Why 2 orthopedic surgeons are staying in medicine


As physicians are leaving the field of medicine — some via retirement, some due to dissatisfaction and burnout and depression. So what is motivating the ones who are staying to continue to practice?

Becker's connected with two orthopedic leaders to learn what keeps them in their careers — despite any concerns they may have.

Note: These responses have been edited lightly for length and clarity.

Question: Physicians are leaving the field for a number of reasons. Why are you staying?

Michael Havig, MD. Orthopedic surgeon at OrthoCollier (Naples, Fla.) and Founder and CEO of HealthMe Technology. I've been in practice for 25 years. I'm staying to try to fix the things that are making doctors leave: burnout, lower reimbursement in the face of increased administrative headaches, less control of your practice and a disconnect from the doctor-patient relationship. As an orthopedic surgeon, I take great satisfaction in getting my patients back to the activities they love, but in exchange for that I'd like to be paid a reasonable fee, in a timely manner, without a lot of expensive, time-consuming hurdles to get paid. To that end, I've been a pricing transparency advocate, helping my physician colleagues bundle, price and retail their services to direct-pay patients and employers through HealthMe — a marketplace for transparently priced bundled healthcare I founded. Physicians name their price, give patients improved access to care through our consumer-friendly marketplace and are paid their fee the same day they treat the patient. In doing so, doctors can focus on caring for their patients, and patients can focus on getting better without concern about cost for their care.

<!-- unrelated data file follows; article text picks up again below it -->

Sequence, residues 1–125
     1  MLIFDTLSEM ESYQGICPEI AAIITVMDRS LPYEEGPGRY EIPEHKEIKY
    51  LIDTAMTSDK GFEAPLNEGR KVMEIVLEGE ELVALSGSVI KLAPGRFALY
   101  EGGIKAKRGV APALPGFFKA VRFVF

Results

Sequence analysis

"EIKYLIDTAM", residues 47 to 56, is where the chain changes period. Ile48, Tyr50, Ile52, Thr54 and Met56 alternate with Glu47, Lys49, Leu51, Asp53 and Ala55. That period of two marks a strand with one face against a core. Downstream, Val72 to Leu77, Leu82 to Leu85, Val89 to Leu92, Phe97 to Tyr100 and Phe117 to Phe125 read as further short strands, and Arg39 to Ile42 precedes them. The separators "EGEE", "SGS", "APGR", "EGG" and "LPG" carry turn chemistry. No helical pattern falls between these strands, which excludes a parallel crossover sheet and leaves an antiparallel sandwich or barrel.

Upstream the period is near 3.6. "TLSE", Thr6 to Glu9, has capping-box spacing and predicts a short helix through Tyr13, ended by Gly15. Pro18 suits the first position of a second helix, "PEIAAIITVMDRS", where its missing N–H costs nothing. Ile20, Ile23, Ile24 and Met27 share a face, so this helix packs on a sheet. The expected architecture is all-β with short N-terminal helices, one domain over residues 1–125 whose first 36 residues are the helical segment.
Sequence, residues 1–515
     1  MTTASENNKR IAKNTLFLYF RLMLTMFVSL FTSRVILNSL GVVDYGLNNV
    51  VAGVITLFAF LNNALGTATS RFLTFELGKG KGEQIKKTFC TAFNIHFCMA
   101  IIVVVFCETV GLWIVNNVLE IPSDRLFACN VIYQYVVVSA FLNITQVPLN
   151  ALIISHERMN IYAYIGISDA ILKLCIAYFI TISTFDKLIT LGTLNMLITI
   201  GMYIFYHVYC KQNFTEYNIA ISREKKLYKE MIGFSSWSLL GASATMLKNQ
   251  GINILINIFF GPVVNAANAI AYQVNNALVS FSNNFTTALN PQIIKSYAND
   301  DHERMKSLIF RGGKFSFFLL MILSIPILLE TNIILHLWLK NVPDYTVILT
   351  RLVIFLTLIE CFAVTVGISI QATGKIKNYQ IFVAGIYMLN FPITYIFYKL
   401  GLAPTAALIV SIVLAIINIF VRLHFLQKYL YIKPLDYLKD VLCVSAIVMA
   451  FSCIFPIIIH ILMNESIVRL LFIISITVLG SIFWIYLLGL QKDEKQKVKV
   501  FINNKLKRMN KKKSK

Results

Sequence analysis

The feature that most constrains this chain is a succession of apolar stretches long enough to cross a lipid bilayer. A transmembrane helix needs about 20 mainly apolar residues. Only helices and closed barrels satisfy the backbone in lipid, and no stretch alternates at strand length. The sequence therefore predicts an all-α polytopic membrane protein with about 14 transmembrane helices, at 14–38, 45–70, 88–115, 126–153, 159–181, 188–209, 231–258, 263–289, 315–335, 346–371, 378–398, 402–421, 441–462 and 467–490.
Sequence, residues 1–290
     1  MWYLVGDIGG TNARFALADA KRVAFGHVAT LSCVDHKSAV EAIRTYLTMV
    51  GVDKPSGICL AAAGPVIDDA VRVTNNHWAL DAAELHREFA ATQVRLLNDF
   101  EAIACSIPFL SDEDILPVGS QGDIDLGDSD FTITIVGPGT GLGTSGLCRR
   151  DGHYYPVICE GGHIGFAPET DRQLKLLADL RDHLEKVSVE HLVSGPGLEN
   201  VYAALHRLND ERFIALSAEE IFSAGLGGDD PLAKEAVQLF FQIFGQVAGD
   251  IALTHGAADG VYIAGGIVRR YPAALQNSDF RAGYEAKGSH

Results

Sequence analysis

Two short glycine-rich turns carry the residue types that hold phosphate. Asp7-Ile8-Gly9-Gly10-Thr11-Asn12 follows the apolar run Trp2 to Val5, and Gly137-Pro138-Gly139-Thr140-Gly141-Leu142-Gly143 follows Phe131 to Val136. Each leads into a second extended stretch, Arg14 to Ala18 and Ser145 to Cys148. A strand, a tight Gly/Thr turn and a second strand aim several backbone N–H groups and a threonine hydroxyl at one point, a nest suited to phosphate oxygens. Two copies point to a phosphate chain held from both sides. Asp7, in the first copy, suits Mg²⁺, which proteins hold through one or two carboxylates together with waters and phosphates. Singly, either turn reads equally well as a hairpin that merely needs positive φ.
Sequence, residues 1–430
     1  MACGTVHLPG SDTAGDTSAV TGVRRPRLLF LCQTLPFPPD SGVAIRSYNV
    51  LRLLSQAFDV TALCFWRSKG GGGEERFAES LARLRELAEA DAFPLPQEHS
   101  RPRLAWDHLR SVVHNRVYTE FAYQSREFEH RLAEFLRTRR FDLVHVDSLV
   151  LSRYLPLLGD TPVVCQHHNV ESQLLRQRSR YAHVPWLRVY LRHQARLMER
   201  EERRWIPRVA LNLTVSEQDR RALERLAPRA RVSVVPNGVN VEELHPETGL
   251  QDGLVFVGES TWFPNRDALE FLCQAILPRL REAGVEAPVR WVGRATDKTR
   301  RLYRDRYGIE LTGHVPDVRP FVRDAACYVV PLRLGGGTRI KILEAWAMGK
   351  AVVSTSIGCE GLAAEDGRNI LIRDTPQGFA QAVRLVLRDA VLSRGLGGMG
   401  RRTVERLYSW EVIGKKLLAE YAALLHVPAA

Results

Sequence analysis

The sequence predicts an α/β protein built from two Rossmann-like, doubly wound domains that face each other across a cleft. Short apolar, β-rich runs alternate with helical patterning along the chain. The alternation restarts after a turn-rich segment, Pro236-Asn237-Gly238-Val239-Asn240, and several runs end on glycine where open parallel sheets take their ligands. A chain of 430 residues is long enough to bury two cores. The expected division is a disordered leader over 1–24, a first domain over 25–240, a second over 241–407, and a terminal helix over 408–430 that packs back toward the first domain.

I feel that this endeavor has brought on a new and bigger challenge and helped me power through some of the hurdles we face practicing medicine in today's healthcare environment. 

Carmelita Teeter, MD. Orthopedic Surgeon at Texas Bone and Joint (Fort Worth). I think the reason that I continue to practice medicine despite some dissatisfaction and burnout has a lot to do with how I identify my place in the world. I dedicated so much time and then energy into training as an orthopedic surgeon that despite other really important roles in my life — I am a wife, mother and a daughter — at my very core I often define myself as an orthopedic surgeon.  The ability to care for vulnerable people brings value to me and is fueled by those people who are appreciative and genuinely grateful for the care that I provide. When I think about doing something different or I think about no longer being able to perform surgery from a technical perspective or interact with patients and offer them care, I just cannot picture what that life would look like.

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